When a dog barks or growls or even attempts to bite, it is seen as aggressive behavior. While this can be frightening and a cause for concern, did you know there are seven types of dog aggression? Understanding each and their origins will help develop treatment plans and improve behavior and safety.
Fear Aggression: Dogs responding to fear will usually go on the offense. It’s an innate behavior based on survival instincts. It can be towards a person, another dog, a car, and even an unfamiliar object like a vacuum cleaner, a bicycle, even a familiar person in unfamiliar clothing. Ever hear someone say, “My dog doesn’t like people in hats?”
Territorial Aggression: Your doorbell rings and your dog goes crazy…the garbage truck pulls up and your dog tries to launch through a window. This is territorial aggression and can be rapid and significant. Your dog has a space or area that it feels is “theirs”. It can be inside the home, inside the yard, and even areas adjacent.
Intra-Household Aggression: This occurs when multiple dogs live in the same home. Not every match is made in heaven when it comes animals. It can be ongoing, or it can explode unexpectedly. The more dogs in a home, the greater the chances of experiencing aggression. Four seems to be the tipping point where the aggression can be constant. It can be hard to treat without decreasing the number of dogs in the house.
Resource Aggression: Dogs use this type of aggression to keep humans and others pets away from their food, treats, toys, their space, and even their owners. A dog exhibiting this type of aggression will usually monitor things from a distance and only respond when the resource item is approached by another person or pet. This type of aggression can escalate quickly and needs to be addressed when it first occurs.
Prey Aggression: Your dog sees a squirrel or rabbit and takes off like an Indy race car. It’s okay when it’s your backyard; it’s not so great when they are on a leash. This type of aggression is straight forward. Your dog’s predator instincts kick in.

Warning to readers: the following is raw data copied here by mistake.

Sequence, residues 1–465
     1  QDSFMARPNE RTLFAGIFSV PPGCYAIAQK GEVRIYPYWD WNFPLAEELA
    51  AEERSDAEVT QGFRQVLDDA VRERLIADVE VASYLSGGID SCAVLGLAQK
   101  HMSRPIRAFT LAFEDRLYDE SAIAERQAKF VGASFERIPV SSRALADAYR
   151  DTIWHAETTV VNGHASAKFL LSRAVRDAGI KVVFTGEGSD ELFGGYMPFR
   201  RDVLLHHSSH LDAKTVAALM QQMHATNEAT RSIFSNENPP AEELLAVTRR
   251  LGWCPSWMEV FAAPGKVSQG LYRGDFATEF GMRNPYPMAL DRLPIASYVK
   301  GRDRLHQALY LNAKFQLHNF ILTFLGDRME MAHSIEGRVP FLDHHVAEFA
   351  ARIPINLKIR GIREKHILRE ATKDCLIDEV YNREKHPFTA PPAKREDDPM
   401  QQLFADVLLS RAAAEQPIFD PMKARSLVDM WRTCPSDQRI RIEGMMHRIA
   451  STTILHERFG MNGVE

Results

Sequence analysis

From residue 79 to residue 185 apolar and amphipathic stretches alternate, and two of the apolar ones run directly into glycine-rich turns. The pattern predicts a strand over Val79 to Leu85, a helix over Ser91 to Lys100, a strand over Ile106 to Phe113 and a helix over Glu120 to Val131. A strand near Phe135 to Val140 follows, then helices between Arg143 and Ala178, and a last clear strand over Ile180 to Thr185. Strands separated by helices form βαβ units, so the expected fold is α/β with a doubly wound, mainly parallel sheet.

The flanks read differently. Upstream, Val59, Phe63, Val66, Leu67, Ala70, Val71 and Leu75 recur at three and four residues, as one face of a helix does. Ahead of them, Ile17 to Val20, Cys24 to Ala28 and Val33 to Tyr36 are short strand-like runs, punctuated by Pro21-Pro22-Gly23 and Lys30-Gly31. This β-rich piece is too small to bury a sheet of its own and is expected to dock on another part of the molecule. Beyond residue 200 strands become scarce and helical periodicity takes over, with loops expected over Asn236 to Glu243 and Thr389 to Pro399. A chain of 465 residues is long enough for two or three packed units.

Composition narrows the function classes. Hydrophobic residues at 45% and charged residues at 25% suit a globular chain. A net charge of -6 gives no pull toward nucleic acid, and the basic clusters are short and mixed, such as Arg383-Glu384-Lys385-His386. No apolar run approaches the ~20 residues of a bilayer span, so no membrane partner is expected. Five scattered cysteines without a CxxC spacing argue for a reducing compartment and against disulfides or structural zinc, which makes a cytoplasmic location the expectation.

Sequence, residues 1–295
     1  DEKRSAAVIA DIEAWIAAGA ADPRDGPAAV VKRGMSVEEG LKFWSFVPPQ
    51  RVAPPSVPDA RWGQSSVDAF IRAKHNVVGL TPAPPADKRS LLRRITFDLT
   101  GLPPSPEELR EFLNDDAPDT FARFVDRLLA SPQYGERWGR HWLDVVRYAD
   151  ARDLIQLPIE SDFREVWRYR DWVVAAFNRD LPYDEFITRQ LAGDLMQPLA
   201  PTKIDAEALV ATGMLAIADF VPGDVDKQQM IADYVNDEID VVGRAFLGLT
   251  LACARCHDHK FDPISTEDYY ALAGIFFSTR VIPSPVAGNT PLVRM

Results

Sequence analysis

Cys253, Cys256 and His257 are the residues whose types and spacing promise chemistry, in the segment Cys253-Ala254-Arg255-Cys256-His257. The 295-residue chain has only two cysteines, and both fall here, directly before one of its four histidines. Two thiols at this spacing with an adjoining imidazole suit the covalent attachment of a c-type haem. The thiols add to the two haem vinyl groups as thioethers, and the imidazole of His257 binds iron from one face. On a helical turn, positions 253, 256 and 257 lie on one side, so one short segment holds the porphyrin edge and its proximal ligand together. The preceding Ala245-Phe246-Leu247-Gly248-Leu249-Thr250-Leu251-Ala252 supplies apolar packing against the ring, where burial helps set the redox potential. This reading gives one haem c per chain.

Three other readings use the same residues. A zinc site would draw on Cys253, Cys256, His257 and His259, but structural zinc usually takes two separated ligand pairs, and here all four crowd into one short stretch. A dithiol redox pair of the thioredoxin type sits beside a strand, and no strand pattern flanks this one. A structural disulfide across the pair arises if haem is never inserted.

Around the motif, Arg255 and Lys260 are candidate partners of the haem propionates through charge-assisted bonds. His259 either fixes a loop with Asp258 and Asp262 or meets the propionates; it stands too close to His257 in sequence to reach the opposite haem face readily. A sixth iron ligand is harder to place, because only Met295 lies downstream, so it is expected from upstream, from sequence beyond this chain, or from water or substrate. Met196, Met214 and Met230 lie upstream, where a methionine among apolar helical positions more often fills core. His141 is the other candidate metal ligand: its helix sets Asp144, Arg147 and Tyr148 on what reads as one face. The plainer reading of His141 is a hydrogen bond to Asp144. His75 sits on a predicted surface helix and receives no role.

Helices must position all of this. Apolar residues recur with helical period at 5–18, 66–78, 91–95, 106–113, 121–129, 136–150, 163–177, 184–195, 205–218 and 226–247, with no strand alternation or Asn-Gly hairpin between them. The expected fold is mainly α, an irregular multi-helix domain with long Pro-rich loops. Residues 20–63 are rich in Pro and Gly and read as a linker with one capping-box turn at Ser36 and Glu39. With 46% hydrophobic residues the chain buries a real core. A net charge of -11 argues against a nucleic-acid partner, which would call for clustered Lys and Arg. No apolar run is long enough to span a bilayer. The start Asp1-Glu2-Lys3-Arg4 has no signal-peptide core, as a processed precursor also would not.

Control Related Aggression: This usually occurs with dogs coming from previous owners who have been mismanaged. It’s directed at the new owner as they try and bond with their new pet and establish rules and boundaries. While initially terrifying, especially to first time dog owners, the prognosis is quite good with new learned behavior and trust building.
Idiopathic Aggression: This is the toughest one. It’s the quick and rapid aggression that comes without warning and for no apparent reason. Outbursts are severe and dangerous. There is no definitive trigger, and quite possibly is neurological in origin. It increases with a dog’s age and happens in many dog breeds known for aggressive behavior. Treatment options are limited.
If you have concerns regarding aggression and developing a treatment plan, please talk to one of the Fetch specialists on your next visit or reach out to me. I am only a bark away.
Carolyn Lapps is the General Manager at Fetch Family Pet Resort. Her love and passion for all animals began at a young age and has led to a career. She is frequently consulted on pet socialization, family integration issues, and is highly regarded for her experience with domestic animal management and care.